After sailing relatively smoothly through the choppy waters of the financial crisis and its after-effects, the Canadian economy is finally getting caught up in the global economic slowdown.
For all of the incessant talk from market trading desks on how economic forecasters are hopelessly off track on just about everything, their collective thinking on the subtleties of Fed policy near a potentially historic turning point has been well worth listening to.
China GDP releases are starting to look like near-perfect landings each and every time, in all kinds of weather conditions and visibility.
With Bank of England policymakers ready at a moment’s notice over the past several years to warn anyone who will listen that a rate rise is closer than we think or just around the corner or soon coming into sharper relief, the main instrument it targets – inflation at 2 percent – is having nothing of it.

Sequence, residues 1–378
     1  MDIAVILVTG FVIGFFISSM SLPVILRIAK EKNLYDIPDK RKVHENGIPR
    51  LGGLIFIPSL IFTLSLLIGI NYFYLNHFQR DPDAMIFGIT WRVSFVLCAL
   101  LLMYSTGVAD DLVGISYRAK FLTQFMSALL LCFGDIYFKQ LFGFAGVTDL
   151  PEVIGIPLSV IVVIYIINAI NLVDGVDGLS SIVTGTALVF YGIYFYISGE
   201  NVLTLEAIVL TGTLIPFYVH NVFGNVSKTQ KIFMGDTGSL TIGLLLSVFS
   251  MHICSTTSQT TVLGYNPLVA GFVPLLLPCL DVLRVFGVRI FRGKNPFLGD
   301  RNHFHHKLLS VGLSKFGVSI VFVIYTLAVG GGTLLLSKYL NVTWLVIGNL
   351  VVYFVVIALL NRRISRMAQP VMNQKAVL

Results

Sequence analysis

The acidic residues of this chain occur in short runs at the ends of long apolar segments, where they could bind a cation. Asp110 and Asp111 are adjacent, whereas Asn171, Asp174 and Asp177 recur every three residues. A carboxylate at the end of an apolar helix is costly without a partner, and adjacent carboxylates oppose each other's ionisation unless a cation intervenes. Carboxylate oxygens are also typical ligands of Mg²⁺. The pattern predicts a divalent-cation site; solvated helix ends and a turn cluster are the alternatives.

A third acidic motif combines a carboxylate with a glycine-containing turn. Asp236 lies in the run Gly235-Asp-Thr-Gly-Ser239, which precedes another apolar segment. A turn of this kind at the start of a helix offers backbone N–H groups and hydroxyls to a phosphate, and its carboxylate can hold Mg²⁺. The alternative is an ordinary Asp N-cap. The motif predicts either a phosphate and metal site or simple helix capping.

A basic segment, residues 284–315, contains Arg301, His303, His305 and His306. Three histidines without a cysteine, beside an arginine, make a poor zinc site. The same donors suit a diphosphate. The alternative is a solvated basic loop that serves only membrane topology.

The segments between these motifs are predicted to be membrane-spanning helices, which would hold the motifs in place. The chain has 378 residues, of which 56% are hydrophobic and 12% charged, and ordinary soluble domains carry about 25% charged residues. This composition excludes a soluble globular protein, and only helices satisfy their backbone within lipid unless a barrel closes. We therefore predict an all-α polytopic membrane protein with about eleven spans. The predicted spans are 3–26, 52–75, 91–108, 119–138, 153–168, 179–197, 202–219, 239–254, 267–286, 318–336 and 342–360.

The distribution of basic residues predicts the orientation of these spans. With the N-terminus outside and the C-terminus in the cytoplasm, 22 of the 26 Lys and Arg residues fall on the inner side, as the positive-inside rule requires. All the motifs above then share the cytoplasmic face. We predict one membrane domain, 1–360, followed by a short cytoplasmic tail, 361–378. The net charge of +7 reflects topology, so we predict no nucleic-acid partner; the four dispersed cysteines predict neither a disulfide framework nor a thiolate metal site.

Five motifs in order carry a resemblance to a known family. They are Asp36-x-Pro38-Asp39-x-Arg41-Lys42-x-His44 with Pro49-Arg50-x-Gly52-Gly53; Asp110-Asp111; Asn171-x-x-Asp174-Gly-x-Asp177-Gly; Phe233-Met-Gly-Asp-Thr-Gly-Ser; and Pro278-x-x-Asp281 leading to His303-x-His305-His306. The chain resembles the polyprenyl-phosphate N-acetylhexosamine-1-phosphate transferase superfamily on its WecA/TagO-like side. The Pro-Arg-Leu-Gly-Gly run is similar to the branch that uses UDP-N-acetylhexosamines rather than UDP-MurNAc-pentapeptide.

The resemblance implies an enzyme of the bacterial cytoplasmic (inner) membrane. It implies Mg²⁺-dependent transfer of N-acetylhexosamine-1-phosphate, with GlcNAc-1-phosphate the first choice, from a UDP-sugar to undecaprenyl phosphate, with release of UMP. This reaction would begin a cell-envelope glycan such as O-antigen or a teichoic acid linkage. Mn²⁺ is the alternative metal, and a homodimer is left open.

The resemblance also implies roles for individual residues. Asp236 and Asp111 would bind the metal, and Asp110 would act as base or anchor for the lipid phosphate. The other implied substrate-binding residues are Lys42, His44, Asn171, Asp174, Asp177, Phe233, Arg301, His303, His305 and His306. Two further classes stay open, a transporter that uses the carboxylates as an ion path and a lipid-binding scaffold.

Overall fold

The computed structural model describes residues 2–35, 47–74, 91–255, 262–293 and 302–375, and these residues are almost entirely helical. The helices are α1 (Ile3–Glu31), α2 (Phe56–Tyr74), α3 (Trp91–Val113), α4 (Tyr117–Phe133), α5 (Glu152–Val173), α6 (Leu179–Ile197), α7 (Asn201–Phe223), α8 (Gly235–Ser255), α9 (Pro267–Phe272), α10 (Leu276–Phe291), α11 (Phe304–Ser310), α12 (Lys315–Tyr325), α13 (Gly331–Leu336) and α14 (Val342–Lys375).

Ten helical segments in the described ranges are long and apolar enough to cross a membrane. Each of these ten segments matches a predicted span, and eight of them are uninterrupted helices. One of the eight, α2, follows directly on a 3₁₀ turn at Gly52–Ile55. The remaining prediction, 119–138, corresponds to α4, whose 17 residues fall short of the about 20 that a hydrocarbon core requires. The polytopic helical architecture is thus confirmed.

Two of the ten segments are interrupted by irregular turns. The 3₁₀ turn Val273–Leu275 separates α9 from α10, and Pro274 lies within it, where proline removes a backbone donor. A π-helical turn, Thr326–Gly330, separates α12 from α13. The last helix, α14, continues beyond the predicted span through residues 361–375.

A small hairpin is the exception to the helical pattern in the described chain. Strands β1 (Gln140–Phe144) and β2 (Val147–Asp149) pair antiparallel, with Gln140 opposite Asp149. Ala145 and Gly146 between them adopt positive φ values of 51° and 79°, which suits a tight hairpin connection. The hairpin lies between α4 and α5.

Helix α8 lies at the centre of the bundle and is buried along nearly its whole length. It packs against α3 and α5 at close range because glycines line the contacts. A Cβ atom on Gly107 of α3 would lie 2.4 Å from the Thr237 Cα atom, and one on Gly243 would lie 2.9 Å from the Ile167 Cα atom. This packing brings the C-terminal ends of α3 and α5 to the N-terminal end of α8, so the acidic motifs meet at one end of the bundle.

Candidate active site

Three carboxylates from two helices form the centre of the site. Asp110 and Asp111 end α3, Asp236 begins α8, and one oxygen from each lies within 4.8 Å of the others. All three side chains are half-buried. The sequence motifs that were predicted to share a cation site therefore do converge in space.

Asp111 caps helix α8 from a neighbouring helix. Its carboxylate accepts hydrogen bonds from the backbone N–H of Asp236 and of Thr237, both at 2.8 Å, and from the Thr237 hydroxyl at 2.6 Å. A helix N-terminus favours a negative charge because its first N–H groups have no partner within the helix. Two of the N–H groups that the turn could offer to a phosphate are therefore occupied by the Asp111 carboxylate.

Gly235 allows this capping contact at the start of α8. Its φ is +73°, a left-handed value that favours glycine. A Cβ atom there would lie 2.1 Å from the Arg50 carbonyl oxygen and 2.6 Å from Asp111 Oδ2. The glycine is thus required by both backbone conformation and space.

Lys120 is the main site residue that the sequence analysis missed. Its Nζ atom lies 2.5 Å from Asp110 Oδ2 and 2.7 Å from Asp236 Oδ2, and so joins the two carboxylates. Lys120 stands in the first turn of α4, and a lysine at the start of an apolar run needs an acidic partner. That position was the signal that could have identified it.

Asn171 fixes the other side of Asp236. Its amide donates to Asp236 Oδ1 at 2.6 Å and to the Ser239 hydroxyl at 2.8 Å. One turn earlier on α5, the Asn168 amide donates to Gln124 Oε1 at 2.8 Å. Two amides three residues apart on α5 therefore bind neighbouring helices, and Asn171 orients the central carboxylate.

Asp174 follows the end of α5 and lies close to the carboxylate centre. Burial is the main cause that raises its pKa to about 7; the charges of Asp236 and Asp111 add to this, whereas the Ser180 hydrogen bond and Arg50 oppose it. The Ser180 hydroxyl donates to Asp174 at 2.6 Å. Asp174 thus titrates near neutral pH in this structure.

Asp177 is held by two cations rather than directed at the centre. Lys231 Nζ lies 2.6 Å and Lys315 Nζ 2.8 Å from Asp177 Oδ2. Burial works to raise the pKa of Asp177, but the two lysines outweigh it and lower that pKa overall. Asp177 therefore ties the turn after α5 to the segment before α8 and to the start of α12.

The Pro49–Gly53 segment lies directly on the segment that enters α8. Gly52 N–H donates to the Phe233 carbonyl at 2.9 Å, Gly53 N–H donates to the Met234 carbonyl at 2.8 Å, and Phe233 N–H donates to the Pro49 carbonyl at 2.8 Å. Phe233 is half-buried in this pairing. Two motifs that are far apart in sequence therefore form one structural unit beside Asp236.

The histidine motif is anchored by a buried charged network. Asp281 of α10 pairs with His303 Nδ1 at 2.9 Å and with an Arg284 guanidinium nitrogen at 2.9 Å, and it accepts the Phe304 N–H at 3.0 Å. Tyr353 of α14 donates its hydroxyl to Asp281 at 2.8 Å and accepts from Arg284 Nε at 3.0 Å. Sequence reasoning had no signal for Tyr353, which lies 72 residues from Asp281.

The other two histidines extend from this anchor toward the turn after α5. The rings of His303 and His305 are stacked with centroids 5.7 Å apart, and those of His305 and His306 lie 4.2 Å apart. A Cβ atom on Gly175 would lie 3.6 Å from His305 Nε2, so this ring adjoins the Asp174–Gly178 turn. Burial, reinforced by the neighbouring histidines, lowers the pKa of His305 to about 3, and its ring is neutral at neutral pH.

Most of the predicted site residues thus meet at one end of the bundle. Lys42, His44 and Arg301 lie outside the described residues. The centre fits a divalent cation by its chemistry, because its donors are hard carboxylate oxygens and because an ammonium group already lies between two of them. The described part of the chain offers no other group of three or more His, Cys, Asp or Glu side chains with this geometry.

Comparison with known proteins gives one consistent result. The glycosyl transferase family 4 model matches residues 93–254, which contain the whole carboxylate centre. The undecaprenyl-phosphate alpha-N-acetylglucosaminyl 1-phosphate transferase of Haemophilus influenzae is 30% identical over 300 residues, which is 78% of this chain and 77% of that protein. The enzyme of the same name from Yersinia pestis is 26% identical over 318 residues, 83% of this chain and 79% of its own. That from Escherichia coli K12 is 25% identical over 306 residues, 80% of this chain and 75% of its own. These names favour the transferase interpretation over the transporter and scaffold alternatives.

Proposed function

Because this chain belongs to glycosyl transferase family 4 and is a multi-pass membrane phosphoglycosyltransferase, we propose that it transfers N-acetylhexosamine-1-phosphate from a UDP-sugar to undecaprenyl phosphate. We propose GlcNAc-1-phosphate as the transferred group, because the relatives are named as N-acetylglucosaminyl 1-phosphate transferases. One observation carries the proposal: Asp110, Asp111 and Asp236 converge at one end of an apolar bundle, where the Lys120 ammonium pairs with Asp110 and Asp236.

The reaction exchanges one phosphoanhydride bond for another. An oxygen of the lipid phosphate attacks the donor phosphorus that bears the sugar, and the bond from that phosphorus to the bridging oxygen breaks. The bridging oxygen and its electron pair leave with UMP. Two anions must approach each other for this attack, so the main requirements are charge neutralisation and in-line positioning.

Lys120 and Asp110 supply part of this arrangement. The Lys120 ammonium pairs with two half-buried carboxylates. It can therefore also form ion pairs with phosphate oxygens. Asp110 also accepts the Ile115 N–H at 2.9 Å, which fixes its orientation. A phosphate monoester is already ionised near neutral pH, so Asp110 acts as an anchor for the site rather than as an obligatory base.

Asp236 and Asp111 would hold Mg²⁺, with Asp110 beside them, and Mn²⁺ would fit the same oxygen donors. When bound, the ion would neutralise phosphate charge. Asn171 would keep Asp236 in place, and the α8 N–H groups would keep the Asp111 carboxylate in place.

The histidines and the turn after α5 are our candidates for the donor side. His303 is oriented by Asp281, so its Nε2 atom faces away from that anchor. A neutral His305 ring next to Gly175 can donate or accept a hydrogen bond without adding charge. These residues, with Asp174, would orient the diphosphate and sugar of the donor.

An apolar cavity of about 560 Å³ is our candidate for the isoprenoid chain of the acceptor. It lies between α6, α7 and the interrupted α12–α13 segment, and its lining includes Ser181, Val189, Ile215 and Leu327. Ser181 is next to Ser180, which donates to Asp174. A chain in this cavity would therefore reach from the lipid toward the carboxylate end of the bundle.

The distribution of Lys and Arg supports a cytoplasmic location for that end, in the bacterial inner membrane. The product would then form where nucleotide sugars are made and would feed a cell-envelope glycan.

The Bank of Canada is hoping the average Canadian continues to do the heavy lifting for the economy and gets it out of its rut from the first half of the year, even with dangerously high household debt levels. That may be a big ask.
British workers have hit a sweet spot with wages rising much faster than near-zero inflation, suggesting the economy could gain further momentum as consumers spend their spare cash.
Inflation may be far off target but economists are convinced the United States Federal Reserve and the Bank of England will soon begin raising rates from near zero – with the Fed poised to act as soon as Thursday.
The Japanese yen has strengthened unexpectedly by about 4 percent over the last month and it could rise further if the U.S. Federal Reserve delays a rate hike and the dollar weakens.
That the European Central Bank will have to soon add to its massive stimulus programme is fast becoming the consensus view among economists, although how it will do that effectively is far from clear.